Speak to any Liberian including car-washers and wheelbarrow boys about their views on the country’s political outlook; each has a theoretical but fine perspective on how to govern Liberia. And like the layman in the streets, local politicians, especially those in opposition circle will often blame the current government for almost all of the country’s woes. In addition, each opposition figure will show you a blueprint he/she thinks entails the “best solutions” on how to run this nation.
When then Gen. Prince Johnson (now senator for Nimba), led the erstwhile Independent National Patriotic Front of Liberia to war in the 90s, Senator Johnson, out of frustration often didn’t hesitate to vent his dislike about politicians due to their greed for power and wealth. Without exception, Prince Johnson blamed local politicians for the backwardness of Liberia and declared them as the country’s “worst enemies.” But little did he know he would become one of them someday.
After years of prolonged war with high cost in human lives and infrastructure, followed by a post-Taylor election in 2005, the former guerilla leader secured a seat in parliament through his NUDP’s political party. Senator Johnson served his county, Nimba for six-years under Pres. Johnson-Sirleaf’s rule and his party even came third during the last October-November 2011 presidential elections. Yet the country saw little gain in the last six years. Ironically, those vices such as corruption, tribalism, nepotism, injustice, abuse of power and lack of transparency and accountability still flourish under the current administration.
Come to realize, there is a far margin between practical, and of course, theory when it comes to running a smooth government in a country like Liberia. And whether Senator Johnson’s presence in government has or will make a difference to change the course of the country’s history of malpractices that has led to deprivation of basic needs and social services, only history will tell. But in any case, Prince Johnson is now a witness to the intricacies of governing a nation and no longer a bystander. Perhaps, he might also by now be in better position to take cues from failures of the “Progressives” of the 70 era, some of who now hailed Pres. Johnson-Sirleaf and refused to condemn her government even in the face of gross human rights violations such as the killing of CDC supporters November 7, 2011.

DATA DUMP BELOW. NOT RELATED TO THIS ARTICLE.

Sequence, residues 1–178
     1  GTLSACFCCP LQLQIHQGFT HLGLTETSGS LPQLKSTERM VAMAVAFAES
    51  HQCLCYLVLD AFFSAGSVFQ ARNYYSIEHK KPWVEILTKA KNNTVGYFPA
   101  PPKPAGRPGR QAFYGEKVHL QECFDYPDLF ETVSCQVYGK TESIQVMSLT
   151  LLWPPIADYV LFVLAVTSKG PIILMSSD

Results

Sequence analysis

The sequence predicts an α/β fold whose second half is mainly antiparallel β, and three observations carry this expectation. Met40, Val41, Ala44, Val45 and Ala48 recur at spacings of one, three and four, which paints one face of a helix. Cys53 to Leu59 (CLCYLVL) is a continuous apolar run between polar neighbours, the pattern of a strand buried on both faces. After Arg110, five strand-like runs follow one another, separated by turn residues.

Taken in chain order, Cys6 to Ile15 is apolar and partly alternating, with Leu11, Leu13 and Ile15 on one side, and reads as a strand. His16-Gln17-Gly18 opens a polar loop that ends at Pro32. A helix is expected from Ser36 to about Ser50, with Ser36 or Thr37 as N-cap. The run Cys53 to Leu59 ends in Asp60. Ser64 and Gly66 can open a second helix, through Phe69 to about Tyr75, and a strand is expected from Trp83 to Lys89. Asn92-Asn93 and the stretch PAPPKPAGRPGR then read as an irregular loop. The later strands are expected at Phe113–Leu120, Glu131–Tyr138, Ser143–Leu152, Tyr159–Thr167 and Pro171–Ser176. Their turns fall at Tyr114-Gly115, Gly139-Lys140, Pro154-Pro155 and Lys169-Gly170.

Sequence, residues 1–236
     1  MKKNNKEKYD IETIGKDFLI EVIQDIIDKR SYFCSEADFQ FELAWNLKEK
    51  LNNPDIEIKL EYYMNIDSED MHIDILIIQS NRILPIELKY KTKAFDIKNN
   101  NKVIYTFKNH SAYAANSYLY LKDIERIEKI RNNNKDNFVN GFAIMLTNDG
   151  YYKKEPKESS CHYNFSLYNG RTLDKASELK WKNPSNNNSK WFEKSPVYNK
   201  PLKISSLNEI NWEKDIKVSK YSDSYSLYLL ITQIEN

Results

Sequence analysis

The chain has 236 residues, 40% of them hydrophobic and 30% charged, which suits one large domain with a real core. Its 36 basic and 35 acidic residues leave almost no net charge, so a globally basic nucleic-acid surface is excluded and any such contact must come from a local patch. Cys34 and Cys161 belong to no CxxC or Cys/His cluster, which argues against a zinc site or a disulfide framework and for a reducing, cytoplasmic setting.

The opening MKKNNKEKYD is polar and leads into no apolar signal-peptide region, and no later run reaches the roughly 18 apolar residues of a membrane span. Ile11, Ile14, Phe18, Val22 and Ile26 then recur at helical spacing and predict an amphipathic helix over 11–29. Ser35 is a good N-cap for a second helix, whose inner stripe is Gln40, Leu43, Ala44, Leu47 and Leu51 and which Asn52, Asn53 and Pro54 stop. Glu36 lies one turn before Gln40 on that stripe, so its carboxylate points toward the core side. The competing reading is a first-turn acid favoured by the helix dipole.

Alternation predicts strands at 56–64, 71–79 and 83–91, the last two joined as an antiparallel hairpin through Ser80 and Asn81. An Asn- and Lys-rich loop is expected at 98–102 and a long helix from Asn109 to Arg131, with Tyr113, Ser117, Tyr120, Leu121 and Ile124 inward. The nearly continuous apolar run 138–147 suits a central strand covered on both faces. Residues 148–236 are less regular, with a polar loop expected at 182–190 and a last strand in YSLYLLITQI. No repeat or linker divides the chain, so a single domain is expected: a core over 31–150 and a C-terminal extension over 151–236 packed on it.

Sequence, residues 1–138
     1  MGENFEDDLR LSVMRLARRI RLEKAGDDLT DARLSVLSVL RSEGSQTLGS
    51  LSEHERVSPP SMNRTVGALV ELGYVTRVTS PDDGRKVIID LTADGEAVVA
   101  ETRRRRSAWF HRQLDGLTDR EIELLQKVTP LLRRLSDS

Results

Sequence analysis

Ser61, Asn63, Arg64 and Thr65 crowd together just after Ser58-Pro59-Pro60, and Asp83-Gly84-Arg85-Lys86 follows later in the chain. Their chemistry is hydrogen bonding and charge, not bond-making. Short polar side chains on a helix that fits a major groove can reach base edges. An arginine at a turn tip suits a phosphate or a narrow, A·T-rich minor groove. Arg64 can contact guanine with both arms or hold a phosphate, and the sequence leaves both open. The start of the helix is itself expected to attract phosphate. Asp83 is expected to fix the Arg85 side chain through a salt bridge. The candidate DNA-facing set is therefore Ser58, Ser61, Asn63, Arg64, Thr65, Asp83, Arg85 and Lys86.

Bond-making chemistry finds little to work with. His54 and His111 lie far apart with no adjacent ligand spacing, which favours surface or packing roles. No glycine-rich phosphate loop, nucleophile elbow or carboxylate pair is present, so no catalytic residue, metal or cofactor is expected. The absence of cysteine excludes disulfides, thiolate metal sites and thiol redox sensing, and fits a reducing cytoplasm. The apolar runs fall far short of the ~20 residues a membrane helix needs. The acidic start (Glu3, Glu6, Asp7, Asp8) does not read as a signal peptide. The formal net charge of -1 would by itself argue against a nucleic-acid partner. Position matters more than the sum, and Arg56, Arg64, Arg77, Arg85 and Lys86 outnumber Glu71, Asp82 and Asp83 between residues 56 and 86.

Consequently, the question then becomes, why hasn’t Liberia experienced good governance, and developments with such fabulous ideas everyone seems to have on how to govern this country as pointed out earlier in this piece? What then could be the hurdles or our problems? Well, for Senator Prince Johnson and the “Progressives” of the past, this scenario is no longer a hypothesis for each can now attest to the fact that it is one thing to point fingers to the wrong doings of the government or others-yet another-to correct those ills.
Realistically, the running of any government doesn’t come with a magic nor does it require countless degrees. Good leadership with some degree of cultural orientation, patriotism, farsightedness, determination and care for the wellbeing of the masses should be some of the ingredients for the smooth running of the government. Admittedly, this is where the newly launched: LIFT LIBERIA: VISION 2030 comes in where a steering committee led by Dr. Togba Nah Tipoteh publically solicits views and criticisms from Liberians on shortcomings of past and present Liberian government and the way forward.
According to its second principal architect, new Economic and Finance Minister Mr. Amara Konneh, “it [Vision 2030] will serve as a roadmap for addressing the social, political and economic challenges that confront Liberia on its path towards economic growth and wealth creation.” It aims to “transform Liberia into a middle-income country by the year 2030 leaving no Liberian behind; make public institutions and governing systems efficient, responsive and accountable and ensure [that] all Liberians have equal protection, under the law, regardless of ethnicity, affiliation or socio-economic background.”